• Repenting by confessing his sins and the sins of the people.
  • Asking God to grant him compassion before the king.
  • Yielding himself to God by repeatedly calling himself God’s servant.

As New Testament believers, we can similarly pray by

  • Praising God for who He is and for what He has done for us in Christ Jesus.
  • Repenting by confessing our sins and thanking him for cleansing us.
  • Asking Him for our requests.
  • Yielding ourselves to Him and to His will for our lives.

What principles of prayer do you learn from the prayer in Nehemiah 1?

In order for us to take a principle (that we can apply today) from the prayer of Nehemiah, we look at two things. The first is repetition. Repetition of a word, phrase, or idea focuses our attention and emphasizes what is being repeated. In narrative literature, repetition is a key to understanding what the passage is saying. The second thing we examine is harmony or consistency with the rest of Scripture. For a principle to be valid, it must agree with the rest of the Bible. In fact, when we interpret a narrative passage, we should find that principle in other places in Scripture. I want us to look at Nehemiah’s prayer to see whether or not the PRAY principle meets these criteria.

Take each of the four parts of the PRAY format. Look for words or phrases in Nehemiah’s prayer that show his praising, repenting, asking, and yielding. Then find another verse in Scripture which encourages or commands us to pray, repent, ask, or yield. I will do the Praise section as an example. (It might be helpful to use a concordance to find the supporting verses or cross references).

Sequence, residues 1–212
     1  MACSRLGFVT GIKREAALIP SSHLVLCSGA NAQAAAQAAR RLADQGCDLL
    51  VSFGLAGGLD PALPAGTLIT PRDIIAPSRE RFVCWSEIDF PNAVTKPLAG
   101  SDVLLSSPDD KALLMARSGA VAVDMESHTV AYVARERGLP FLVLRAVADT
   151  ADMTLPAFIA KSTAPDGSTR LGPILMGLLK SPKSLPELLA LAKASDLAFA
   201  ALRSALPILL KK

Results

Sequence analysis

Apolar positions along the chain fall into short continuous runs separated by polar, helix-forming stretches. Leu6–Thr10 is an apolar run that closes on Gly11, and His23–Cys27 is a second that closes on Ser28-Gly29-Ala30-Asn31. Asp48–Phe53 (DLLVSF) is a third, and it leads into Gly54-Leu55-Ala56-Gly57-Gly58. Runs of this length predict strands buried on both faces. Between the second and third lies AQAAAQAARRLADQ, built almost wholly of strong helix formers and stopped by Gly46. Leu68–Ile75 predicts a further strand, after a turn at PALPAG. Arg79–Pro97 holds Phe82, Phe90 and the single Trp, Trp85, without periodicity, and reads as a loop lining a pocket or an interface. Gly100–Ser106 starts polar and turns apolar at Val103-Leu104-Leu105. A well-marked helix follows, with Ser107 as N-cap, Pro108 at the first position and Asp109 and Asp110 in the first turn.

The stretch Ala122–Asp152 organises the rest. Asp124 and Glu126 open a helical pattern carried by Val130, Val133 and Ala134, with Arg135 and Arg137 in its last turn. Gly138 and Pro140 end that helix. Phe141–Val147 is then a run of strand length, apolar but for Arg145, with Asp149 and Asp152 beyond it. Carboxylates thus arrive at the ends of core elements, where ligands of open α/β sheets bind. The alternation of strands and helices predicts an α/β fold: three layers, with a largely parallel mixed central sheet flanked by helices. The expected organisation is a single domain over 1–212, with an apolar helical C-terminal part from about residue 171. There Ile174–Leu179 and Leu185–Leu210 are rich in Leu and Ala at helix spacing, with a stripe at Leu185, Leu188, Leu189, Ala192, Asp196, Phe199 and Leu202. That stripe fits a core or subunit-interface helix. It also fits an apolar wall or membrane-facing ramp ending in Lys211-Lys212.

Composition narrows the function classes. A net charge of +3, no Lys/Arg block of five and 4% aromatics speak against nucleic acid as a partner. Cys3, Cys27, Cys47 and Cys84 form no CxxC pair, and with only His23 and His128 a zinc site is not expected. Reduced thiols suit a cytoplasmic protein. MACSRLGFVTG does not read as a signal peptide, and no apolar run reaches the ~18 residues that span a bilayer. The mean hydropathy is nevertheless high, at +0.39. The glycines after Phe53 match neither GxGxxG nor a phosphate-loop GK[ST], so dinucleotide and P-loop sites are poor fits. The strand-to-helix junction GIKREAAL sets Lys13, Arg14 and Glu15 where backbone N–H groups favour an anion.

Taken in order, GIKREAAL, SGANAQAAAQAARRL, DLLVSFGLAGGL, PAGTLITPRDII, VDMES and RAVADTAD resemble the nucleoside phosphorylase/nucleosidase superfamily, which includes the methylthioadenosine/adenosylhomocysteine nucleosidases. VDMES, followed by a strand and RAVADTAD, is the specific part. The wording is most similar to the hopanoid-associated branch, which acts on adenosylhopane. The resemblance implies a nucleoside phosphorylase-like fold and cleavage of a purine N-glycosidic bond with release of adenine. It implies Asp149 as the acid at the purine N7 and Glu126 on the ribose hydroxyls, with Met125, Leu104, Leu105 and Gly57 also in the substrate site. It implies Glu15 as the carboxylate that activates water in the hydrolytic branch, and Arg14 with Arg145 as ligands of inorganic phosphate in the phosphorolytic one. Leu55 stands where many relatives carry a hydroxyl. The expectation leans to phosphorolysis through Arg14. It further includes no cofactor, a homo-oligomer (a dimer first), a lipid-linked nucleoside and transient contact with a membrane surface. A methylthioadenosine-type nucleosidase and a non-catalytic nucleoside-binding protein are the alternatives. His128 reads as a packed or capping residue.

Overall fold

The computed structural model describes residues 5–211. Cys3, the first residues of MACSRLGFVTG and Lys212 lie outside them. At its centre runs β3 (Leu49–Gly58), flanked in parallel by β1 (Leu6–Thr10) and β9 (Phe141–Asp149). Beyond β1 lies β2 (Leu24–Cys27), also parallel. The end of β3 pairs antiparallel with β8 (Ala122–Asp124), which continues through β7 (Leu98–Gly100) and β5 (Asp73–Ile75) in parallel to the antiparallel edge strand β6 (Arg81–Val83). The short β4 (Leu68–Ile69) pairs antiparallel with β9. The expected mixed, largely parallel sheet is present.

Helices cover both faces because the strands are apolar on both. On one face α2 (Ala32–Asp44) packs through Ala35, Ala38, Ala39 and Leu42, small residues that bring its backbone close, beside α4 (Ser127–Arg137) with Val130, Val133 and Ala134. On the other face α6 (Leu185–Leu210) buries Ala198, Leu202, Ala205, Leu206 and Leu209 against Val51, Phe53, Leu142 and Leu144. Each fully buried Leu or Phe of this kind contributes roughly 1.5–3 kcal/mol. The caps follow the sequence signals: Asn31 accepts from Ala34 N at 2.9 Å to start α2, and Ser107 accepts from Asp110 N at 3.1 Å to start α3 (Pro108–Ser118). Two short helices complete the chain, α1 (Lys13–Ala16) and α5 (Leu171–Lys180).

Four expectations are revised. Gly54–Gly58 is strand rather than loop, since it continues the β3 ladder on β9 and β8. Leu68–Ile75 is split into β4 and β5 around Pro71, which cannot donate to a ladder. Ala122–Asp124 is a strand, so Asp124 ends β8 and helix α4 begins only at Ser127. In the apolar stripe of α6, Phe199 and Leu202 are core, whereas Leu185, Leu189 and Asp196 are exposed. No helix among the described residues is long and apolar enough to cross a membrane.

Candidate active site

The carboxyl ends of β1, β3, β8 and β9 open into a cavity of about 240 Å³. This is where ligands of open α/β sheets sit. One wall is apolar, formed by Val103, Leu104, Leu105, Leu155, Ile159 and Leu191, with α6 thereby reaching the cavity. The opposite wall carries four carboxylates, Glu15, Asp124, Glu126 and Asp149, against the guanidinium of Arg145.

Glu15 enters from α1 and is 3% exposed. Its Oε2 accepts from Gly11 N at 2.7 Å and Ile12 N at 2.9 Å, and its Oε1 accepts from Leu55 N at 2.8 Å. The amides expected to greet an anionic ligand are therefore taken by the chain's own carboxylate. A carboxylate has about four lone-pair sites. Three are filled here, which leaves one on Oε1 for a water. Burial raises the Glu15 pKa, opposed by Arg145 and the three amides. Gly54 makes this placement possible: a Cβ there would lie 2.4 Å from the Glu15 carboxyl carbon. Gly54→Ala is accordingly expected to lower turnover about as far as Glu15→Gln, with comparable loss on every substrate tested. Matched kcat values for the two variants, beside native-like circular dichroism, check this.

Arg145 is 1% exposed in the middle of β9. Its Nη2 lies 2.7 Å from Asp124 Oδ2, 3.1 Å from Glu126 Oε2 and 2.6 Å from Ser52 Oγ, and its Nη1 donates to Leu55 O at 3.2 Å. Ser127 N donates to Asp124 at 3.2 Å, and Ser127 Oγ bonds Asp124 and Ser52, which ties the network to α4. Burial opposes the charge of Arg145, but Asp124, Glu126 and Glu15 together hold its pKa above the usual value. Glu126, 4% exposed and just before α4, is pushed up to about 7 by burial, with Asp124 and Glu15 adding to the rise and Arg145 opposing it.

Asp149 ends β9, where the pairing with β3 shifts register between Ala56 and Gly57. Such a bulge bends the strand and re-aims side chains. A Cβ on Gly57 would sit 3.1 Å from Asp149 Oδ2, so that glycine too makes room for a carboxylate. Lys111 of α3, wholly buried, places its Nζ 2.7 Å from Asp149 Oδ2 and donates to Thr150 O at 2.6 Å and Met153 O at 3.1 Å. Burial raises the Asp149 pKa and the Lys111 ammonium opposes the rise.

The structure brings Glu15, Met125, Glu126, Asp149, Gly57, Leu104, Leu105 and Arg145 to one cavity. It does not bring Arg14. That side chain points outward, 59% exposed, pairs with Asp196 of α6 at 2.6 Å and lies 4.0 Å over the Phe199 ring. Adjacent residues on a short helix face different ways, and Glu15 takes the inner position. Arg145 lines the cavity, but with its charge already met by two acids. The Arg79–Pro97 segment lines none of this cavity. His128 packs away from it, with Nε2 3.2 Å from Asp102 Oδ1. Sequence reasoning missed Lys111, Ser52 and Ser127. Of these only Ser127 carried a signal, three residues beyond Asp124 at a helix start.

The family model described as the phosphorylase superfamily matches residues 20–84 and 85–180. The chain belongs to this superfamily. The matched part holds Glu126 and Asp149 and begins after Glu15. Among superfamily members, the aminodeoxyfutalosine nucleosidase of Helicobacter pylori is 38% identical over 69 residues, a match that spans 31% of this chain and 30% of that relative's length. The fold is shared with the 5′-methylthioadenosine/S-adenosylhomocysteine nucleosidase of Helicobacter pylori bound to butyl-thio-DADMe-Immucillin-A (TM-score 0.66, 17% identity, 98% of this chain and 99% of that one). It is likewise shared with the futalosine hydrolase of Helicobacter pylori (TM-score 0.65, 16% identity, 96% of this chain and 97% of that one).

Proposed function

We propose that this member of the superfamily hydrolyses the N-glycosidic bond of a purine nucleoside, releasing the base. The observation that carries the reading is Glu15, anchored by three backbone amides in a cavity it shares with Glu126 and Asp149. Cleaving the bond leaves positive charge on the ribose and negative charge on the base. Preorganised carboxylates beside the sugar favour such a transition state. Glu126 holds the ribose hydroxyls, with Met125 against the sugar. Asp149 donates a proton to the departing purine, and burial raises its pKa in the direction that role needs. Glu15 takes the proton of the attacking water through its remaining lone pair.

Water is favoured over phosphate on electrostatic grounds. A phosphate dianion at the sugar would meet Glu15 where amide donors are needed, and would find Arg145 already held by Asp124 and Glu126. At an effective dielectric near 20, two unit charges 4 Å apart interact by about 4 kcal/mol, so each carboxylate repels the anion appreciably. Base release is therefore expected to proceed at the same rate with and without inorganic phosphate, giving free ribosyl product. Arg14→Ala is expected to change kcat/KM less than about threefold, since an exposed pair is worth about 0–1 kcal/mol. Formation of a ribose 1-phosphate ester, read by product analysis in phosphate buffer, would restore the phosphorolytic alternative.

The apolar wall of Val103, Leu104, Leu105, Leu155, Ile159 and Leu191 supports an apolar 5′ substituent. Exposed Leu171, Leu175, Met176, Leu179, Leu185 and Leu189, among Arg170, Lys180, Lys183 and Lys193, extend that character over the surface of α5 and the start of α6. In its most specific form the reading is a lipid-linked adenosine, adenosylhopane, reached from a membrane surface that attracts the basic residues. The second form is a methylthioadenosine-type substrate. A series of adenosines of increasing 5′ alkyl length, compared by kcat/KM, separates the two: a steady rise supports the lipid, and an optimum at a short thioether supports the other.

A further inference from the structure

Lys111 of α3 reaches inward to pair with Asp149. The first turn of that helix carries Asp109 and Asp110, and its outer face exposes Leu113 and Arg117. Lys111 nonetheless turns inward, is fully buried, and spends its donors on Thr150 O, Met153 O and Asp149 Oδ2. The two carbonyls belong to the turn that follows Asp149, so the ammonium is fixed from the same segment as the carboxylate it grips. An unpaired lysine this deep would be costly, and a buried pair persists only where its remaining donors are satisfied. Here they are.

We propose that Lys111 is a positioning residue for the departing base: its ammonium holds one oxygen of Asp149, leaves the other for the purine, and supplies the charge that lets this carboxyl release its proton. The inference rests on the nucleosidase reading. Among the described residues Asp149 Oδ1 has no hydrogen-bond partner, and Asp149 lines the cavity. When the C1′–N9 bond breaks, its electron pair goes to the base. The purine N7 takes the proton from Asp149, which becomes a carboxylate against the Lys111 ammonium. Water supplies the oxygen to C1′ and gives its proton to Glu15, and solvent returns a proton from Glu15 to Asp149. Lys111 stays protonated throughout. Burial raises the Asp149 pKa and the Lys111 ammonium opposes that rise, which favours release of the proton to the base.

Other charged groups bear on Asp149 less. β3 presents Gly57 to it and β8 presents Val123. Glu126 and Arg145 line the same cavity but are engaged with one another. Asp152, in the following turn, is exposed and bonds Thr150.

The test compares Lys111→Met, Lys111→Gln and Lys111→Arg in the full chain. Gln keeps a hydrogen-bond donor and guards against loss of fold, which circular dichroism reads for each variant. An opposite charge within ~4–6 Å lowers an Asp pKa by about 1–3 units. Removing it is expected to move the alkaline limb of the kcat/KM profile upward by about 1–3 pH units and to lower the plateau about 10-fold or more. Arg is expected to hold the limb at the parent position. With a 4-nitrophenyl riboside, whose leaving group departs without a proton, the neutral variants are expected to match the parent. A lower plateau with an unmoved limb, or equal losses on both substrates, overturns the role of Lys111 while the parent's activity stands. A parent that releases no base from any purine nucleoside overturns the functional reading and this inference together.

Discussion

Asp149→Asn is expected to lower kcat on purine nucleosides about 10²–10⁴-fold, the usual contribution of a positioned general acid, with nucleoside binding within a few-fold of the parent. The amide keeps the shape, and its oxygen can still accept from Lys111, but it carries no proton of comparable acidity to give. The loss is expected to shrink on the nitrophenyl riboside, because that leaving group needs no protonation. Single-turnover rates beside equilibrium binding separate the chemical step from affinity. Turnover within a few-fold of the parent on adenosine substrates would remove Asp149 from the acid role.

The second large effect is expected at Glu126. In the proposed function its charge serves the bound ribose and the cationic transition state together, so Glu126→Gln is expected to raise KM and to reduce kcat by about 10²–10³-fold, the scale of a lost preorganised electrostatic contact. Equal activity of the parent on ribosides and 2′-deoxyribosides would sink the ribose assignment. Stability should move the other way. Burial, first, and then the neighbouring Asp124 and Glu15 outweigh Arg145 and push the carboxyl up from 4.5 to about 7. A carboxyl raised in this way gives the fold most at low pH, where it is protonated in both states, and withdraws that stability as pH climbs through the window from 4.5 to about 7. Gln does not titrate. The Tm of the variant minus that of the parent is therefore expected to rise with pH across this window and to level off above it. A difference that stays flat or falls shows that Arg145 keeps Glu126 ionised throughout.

PRAISE

Find examples (words or phrases) from the prayer in Nehemiah 1 that show Nehemiah’s praise to God.

v. 4 God of heaven

v. 5 LORD God of heaven, the great and awesome God. who preserves the covenant and lovingkindness for those who love Him and keep His commandments.

Find examples from the rest of Scripture encouraging or commanding us to praise God.

Psalm 103:1-2 (NASB)

1. Bless the LORD, O my soul,

And all that is within me, bless His holy name.

2. Bless the LORD, O my soul,

And forget none of His benefits;

Psalm 145 (NASB)

1. I will extol You, my God, O King,

And I will bless Your name forever and ever.

2. Every day I will bless You,

And I will praise Your name forever and ever

REPENT

Find examples (words or phrases) from Nehemiah’s prayer in Nehemiah 1 that show his confession of sin.

Find examples from the rest of Scripture that address confession of sin. (This is the hardest category in which to find specific verses. Try Psalm 51 or 1 John 1:9).

ASK

Find examples from Nehemiah’s prayer in chapter 1 that show his specific requests.

Find examples from the rest of Scripture that encourage us to ask God for our needs.

(Use your concordance and look at verses under the word “ask”.)

YIELD

Find examples (words or phrases) from Nehemiah’s prayer in Nehemiah 1 that show his humble spirit.

Find example from the rest of Scripture encouraging us to yield or submit to God. (Use your concordance to look up verses with the words “submit” or “humble”.)

Walk It Out in Life

I want us to practice writing out a prayer in the PRAY format. We will take each section separately and examine it.

PRAISE